Budo Sansho

The appeal of budo sansho
as told by professionals

Hayato Tsuchita

The unique aroma of budo sansho breathes fresh life into the world of cocktails

Hayato Tsuchita
Asuka II Assistant Maître d’hôtel

Interview date:2019.10.19

Hayato Tsuchita

Sansho: bringing out the Japanese spirit with ease - a spice unlike any other

“When it comes to making cocktails, I think it’s easier to bring out the Japanese spirit with sansho rather than yuzu.” says Hayato Tsuchita, Assistant Maître d’hôtel of the ‘Asuka II’ luxury cruise ship. ‘Maître d’hôtel’ is a French term meaning the head of the hotel or restaurant department. On the Asuka II, the position manages all of the restaurant bars on the ship. Tsuchita-san does rounds of all of the bars on the ship, and sometimes takes a turn behind the bar himself.

“Right now Japanese alcohol is drawing attention around the world, and bartenders are using japanese sake, shochu, and botanicals to make craft gin, etc.” We will see more drinks scented with Japanese herbs and spices. Among these is sansho, a spice unlike any other, a characteristic which makes it easy to demonstrate the Japanese spirit. There are indeed possibilities with sansho.

Enjoying sansho through the world of cocktails

Sansho, with its uniquely Japanese aroma, also suits western liquors.” says Tsuchita-san, who originally entered university to become an architect. He became attracted to the service industry when working part-time as a university student. “I really enjoyed interacting with customers. I wanted to find a job where my efforts made people happy. That’s how I started to feel.” Tsuchita-san eventually chose bartending. Although a different path to architecture, the two disciplines share elements of ‘putting something together’ and ‘creating something for others’.

“What do you think is in this?” Tsuchita-san asks customers as he hands them a sansho cocktail, finding it more interesting not to tell them what’s inside. Customers start to search for scent and flavor, saying “it feels like something I’ve had before...” “Once I tell them that it’s sansho, they always get excited.” he says. “They say ‘yes, once you say that it does taste like sansho!’”. Tsuchita-san likes his customers to experience the aromatic joy of a sansho-seasoned drink without preconceptions. “On the other hand, if you make a cocktail with mirin (sweet Japanese cooking sake) and season it with sansho, you can give it a grilled eel flavor!” he says. Tsuchida-san has many fun cocktail ideas floating around inside his head.

Sansho manhattan”

Enjoying sansho cocktails at home

Even without professional skills, delicious sansho cocktails can be enjoyed at home with these simple steps from Tsuchita-san.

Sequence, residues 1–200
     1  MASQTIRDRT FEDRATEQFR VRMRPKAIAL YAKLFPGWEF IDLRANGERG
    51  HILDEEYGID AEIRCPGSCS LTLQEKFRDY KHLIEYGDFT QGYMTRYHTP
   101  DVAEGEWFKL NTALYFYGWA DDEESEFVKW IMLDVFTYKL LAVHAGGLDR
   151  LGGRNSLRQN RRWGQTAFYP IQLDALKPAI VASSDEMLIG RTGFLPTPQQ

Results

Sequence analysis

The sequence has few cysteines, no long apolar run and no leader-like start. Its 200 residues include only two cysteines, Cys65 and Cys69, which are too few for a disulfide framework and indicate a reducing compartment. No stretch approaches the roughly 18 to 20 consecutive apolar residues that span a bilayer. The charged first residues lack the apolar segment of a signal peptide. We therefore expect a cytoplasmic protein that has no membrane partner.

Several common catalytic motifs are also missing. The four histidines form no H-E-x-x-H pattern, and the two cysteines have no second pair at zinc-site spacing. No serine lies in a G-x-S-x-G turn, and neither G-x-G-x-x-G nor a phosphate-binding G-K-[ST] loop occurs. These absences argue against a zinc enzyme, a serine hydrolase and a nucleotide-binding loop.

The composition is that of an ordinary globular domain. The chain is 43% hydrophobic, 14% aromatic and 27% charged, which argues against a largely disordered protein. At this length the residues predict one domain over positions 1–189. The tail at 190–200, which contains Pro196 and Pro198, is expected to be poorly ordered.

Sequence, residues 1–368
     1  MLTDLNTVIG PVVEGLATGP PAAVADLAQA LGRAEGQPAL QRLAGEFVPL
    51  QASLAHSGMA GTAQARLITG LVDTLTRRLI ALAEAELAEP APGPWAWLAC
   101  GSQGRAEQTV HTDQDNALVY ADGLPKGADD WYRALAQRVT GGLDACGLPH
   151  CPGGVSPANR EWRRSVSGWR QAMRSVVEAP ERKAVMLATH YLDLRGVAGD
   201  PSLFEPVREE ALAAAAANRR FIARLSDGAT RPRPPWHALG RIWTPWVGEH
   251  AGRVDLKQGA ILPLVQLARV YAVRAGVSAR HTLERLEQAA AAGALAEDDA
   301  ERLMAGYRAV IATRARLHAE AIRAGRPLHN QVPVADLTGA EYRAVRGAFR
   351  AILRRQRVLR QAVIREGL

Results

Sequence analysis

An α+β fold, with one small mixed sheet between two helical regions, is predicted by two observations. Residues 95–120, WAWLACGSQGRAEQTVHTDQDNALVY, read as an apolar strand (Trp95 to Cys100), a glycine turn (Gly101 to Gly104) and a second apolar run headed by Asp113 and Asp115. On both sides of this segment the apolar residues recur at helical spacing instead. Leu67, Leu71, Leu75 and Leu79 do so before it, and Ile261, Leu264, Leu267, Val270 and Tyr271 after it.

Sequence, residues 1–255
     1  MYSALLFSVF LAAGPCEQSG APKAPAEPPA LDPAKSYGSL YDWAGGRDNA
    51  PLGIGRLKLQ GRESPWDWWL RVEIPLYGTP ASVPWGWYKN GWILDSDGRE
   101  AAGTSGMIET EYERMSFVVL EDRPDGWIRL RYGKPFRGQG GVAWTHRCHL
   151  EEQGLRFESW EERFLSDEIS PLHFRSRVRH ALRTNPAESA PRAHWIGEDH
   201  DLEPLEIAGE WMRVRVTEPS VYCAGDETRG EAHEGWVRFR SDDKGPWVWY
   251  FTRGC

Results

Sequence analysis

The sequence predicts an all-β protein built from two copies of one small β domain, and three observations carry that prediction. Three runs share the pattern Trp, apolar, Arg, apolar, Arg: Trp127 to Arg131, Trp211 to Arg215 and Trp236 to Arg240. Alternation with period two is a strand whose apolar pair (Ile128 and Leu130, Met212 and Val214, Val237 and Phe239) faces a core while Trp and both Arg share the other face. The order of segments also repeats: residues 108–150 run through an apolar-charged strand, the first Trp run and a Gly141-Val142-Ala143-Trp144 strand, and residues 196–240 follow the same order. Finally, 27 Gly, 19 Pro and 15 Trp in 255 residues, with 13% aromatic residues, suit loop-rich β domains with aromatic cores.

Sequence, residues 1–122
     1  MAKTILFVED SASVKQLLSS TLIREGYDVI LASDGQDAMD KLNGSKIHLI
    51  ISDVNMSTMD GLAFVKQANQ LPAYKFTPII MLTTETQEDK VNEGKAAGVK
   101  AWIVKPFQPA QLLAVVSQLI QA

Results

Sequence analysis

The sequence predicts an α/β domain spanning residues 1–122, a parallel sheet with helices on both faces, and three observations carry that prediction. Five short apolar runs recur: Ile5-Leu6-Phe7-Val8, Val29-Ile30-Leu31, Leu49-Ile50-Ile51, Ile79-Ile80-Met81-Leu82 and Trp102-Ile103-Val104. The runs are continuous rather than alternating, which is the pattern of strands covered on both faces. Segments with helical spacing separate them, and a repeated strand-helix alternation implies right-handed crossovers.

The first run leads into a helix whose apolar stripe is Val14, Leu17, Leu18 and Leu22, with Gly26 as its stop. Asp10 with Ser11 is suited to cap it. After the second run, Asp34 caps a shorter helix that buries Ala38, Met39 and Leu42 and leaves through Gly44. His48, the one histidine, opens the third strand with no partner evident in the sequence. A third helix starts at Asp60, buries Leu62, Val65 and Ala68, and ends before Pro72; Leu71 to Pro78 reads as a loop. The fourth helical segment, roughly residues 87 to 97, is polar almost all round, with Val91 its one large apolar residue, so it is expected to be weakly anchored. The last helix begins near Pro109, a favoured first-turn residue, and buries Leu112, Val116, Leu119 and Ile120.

○Gin and tonic / gin rickey: Add some sansho to commercially-available gin, pour it into a glass with a large amount of ice, and stir around 30 times. Once the sansho aroma is released, add tonic water for a gin and tonic, or soda water for a gin rickey.
○Highball: Soaking commercially-available whiskey in sansho produces a spicy highball cocktail. Pour the whiskey into a glass filled with ice and add soda water. Be careful not to add too much sansho however. Even a little sansho produces an excellent aroma, so rather than using a whole bottle, consider pouring some whiskey into a smaller bottle before adding the sansho.

For the essential nibble that accompanies alcohol, Tsuchita-san recommends something sweet to counterbalance the aromatic sansho. “Cream pairs well,” he says. Aside from cream, chocolate is also recommended.

Tsuchita-san’s cocktails

Tsuchita-san also manages to fit cocktail competitions into his busy schedule. “After the bar closes, I practice making cocktails, and I also visit different bars when the ship is in port.” In 2018, Tsuchita-san won the classic category at the Yokohama International Cocktail Competition, and in 2019, he won the creative category, winning two years running in separate categories.

Tsuchita-san finds opportunities to drink cocktails outside the Asuka II as well. “When I’m off the ship, I head back to my hometown in Wakayama Prefecture where my friend lets me use his guesthouse as a bar.” There, Tsuchita-san makes cocktails from local ingredients such as clementine oranges and budo sansho. “Just a little sansho really changes the flavor. It’s an excellent spice that packs an aromatic punch, even when used sparingly.” he says. If you are lucky and the timing is right, you may have the chance to taste one of Tsuchta-san’s delicate creations.

Tsuchita-san’s trophies
(Right) 2018 President’s Award, Taipei Bartender’s Association
(Left) 2018 Winner, Yokohama International Cocktail Competition
(Center) 2019 Winner, Yokohama International Cocktail Competition

Sansho manhattan recipe

Rye whiskey 40ml
Sweet vermouth 20ml
Sansho bitters* 3-5 dashes
Maraschino cherry to garnish

*Sansho bitters
○Soak 20-30 grams of Mizansho berry in 25-proof white liquor for approximately three weeks.
The amount of sansho and soaking time depends on your preference.
○Taste after two weeks and add more Mizansho berry or soak for longer as necessary.
○Filter the resulting liquor through a tea strainer or coffee filter and bottle it.
*Bringing the finished liquor to the boil once in a pot will increase its shelf-life.


Take a look at the cruise schedule to see the attractions of Asuka II, where Tsuchita-san works.


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